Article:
An Introduction To The Youth Nature Movement – Ben Eagle

There is something notable happening in conservation. For years, conservationists have bemoaned the perceived lack of interest that younger people take in the natural world. They point to nature deficit disorder as a distinct consequence of a generation of children lacking outdoor experiences. The internet is cast as a negative force, with children spending upwards of 20 hours a week online, mostly scrolling through social media sites. 30% of 2-15 year olds are overweight or obese and, according to a 2008 National Trust survey (going back a few years here), only 2/3 of children could identify a magpie and half did not know the difference between a bee and a wasp.

However, there is another side to this story.

Every August at Rutland Water the biggest conservation event in the UK takes place – the BirdFair. In the last few years people have begun to take notice of a growing number of young people who have been attending, not just with their parents or grandparents, but often of their own volition.

jnj

Image: Young People at BirdFair (courtesy of A Focus On Nature) © Beth Aucott

Who are these young people ?

They come from all corners of the UK and have a wide range of different backgrounds, interests and training. Their strength comes in their diversity and their inclusivity. Through informal engagement, mostly outside of the ‘conventional’ and traditional nature conservation organisations, they have built their own organisations that fit their particular ways and means of connecting with each other. These include A Focus On Nature, Next Generation Birders and the youngest of the youth-led organisations, Wilder. Together, they form part of a cohesive youth nature movement. They are growing more organised and experienced as time goes on, and many of the traditional nature conservation organisations have taken note of their work.

A Focus On Nature, affectionately referred to as AFON, is the largest and most developed of the youth organisations. It is a network of young people, aged 16-30 (but realistically there are members younger than this) who share a passion for the natural world and want to connect with each other and talk about their interest. Their facebook group has been growing steadily and they organise regular events. Of particular note is AFON’s mentoring scheme, which gives the opportunity for members to connect with professionals working in all sorts of fields, from practical conservation to writing, film making, academia and campaigning. You can follow them on twitter @AFONature. If you fancy joining the network, get in touch with them at afonmembers@hotmail.com . They have members from all sorts of backgrounds, and you don’t need to have an ecology degree to join!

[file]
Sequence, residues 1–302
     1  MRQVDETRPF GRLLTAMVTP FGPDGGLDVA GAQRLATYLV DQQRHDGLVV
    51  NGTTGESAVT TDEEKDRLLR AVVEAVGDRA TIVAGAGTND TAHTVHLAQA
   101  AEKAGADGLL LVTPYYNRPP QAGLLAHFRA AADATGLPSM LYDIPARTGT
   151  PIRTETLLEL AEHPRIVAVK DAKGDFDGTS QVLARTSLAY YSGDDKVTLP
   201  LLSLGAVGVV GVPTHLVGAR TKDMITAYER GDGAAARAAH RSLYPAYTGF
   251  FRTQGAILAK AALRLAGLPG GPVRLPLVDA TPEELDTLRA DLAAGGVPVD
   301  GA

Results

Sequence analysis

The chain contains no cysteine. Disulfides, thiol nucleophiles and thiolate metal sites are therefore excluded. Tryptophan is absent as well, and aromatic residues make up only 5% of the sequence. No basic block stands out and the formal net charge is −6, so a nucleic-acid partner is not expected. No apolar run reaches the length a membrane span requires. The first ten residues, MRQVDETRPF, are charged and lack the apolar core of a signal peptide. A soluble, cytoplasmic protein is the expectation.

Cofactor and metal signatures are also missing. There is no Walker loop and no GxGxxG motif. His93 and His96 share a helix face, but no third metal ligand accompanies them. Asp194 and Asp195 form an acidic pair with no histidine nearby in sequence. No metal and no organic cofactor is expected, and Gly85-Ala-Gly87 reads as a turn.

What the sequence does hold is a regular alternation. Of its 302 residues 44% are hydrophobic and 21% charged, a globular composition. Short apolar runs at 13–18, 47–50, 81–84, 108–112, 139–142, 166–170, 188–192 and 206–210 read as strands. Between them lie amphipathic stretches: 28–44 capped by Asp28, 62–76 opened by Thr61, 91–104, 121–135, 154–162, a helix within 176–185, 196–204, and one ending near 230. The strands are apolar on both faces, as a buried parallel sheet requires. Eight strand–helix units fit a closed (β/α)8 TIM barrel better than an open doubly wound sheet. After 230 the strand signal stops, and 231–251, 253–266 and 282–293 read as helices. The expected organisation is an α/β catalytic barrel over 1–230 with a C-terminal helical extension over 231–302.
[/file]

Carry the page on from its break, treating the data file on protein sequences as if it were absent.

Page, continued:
Next Generation Birders, whilst it may smaller than AFON and more specific, in that it is just for birders, has also had a huge impact. By bringing young birders together they can share their enthusiasm and knowledge, build experiences together and boost each other’s confidence. Often, birding or wildlife is not seen as a positive thing to be involved in at school and many young people interested in conservation suffer from bullying. Organisations such as NGB and AFON provide a safe space for them to do what they love and socialise with like-minded people, reducing their isolation.

Finally, there is Wilder, an exciting new organisation being spearheaded by James Common and others. It is a grassroots activism group, which works to support conservation efforts and argue a case for protecting wildlife legislation in the UK. In the long run, they want to run campaigns and form regional groups that bring local people together to combat localised issues.

How did they come together?

The answer to this has a lot to do with the very thing that many older conservationists had been vilifying – the internet. The wonders of the world-wide-web are certainly a factor in keeping many young people indoors, but the internet (specifically social media) has also brought together those interested in nature. Through posting online they are able to keep in contact with each other and the distance that is sometimes apparent between the traditional nature conservation organisations and their members completely disappears. After all, messaging is instantaneous. Social media seems to have formed a core part of the identity of the youth nature movement, in a way that it is seemingly more superfluous for the traditional conservation bodies.